But for patients with an intellectual or physical disability, it can be a major ordeal.
Recently, there have been several reports on the significant obstacles people with all kinds of disabilities face in accessing the medical care they need.
People in wheelchairs, for instance, struggle with significant barriers trying to get appointments with medical specialists, according to a recent study by Dr. Tara Lagu, an internist at Baystate Medical Center in Springfield, Mass. And if you’re poor or mentally ill, dental care is even tougher to access, notes a 2011 report from the Institute of Medicine. Here, a dentist and Tufts University associate professor who treats people with disabilities offers his perspective on overcoming the towering barriers to oral health for the disabled.
By John Morgan, DDS
Dental care for people with disabilities can be particularly complex. It can also be life-changing.
An acquaintance of mine has a teenage daughter with a mild-to-moderate intellectual disability who attends a middle school in Boston. Because of badly aligned teeth and an open bite, she couldn’t close her mouth completely or use her tongue to speak effectively. On the recommendation of her daughter’s speech therapist and the encouragement of hygienists working with special needs children, the girl’s mother found a dental office that could manage her daughter’s dental care.
For three years, the daughter and her mom made three-hour trips by public transportation for monthly (sometimes more often) visits the dentist. But it was worth it. When the orthodontic treatment was completed, the girl’s speech was so improved that she was able to gain employment at a local fast food restaurant. She had gone from shy, awkward girl who hardly spoke to a girl who smiles and talks and enjoys being social.
On WBUR recently, Rachel Zimmerman’s piece, “Caring For Kevin: An Autistic Man, An Exceptional Doctor, A Life Renewed” – sheds needed light on the unique challenges of medical care for people with disabilities and their caregivers. Oral health is a fundamental part of overall health, and dental care for people with disabilities presents similar complexities. The challenges to providing dental care can be at least as complex, if not more so.
A recent study I conducted with my colleagues at Tufts University, published in The Journal of the American Dental Association documented the urgent need for dental care among people with intellectual and developmental disabilities. For instance, they are much more likely to have poor oral hygiene, periodontal disease, untreated tooth decay and missing teeth than the general population. Specifically, in our review of the electronic dental records of more than 4,700 people who received care, we found:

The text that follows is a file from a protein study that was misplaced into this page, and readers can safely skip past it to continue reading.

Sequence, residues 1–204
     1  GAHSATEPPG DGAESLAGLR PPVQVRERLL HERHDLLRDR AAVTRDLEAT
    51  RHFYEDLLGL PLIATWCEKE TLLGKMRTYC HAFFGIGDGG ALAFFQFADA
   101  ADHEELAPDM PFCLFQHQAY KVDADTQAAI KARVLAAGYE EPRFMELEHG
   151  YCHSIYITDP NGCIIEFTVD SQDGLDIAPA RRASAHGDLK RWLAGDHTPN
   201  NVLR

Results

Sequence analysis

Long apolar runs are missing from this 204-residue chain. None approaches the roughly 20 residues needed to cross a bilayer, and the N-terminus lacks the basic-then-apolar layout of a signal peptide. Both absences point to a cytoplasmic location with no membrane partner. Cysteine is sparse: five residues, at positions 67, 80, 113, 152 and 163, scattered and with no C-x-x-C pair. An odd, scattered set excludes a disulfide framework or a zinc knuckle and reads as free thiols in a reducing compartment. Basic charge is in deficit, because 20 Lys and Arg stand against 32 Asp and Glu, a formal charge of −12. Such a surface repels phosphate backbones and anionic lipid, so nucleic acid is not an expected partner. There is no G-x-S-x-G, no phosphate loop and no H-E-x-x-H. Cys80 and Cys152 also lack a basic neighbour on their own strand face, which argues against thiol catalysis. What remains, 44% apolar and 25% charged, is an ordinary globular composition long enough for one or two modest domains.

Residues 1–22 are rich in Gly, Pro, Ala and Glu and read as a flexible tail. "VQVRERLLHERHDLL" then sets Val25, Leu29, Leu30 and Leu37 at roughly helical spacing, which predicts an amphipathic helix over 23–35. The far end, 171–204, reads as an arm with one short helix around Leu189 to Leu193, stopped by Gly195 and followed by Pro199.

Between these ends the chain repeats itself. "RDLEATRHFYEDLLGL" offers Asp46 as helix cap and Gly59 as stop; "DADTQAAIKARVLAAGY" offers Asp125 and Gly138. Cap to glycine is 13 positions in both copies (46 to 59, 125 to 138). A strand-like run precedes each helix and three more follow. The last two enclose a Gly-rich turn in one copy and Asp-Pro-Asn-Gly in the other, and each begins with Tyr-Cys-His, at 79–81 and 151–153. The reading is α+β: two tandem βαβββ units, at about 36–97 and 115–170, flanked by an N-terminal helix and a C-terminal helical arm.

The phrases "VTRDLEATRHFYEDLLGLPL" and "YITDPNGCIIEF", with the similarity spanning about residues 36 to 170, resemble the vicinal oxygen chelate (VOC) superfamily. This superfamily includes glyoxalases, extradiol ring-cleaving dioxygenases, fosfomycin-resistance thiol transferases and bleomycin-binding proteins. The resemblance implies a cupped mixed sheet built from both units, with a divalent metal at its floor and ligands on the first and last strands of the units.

•10.9% of all patients did not have any teeth
•Over 80% of all patients had periodontitis
•32% of patients with teeth had untreated cavities
We found that nearly 25% of the patients had a limited ability to accept any dental intervention and required specialized resources, such as general anesthesia. Almost 40% of patients who were able to accept dental treatment required some form of behavioral assistance. Many dental offices are not equipped to provide care to patients with developmental or intellectual disabilities, in large part because of specialized training required to provide care for this population and because sedation and general anesthesia are not available to many dental providers.
Our study also found that, even with excellent care provided by dentists who are highly trained to treat people intellectual and developmental disabilities, there remains a high prevalence of disease, which signals the need for additional support and education among caregivers. The roles of the patient, caregiver and dental provider are all vital in developing preventive strategies to improve oral health.
My colleagues and I are now looking at ways to assist caregivers in promoting preventive oral health care at home, as well as how and when to access professional dental care. Our research team has just completed more than 800 surveys of paid and family caregivers and conducted focus groups of key stakeholders to determine the best ways to prevent oral disease and remove barriers to a healthy mouth for the I/DD adults.
Stay tuned. Particularly as our population ages and lives longer with more disabilities through advances in medicine or acquired though age and our caregiver resources dwindle, the findings of our research could shape how we manage oral diseases for people with disabilities and how we can maximize the roles of the dental professional, patient, and caregiver in promoting oral health for a vulnerable population.
John Morgan, DDS, is Associate Professor in the Department of Public Health and Community Service at Tufts University School of Dental Medicine. The Tufts Dental Facilities Serving People with Special Needs (TDF) is a network of Massachusetts dental clinics that provides oral health care to people with disabilities through a collaboration between Tufts University, the Massachusetts Department of Developmental Services and Department of Public Health.
(Posted by Rachel Zimmerman)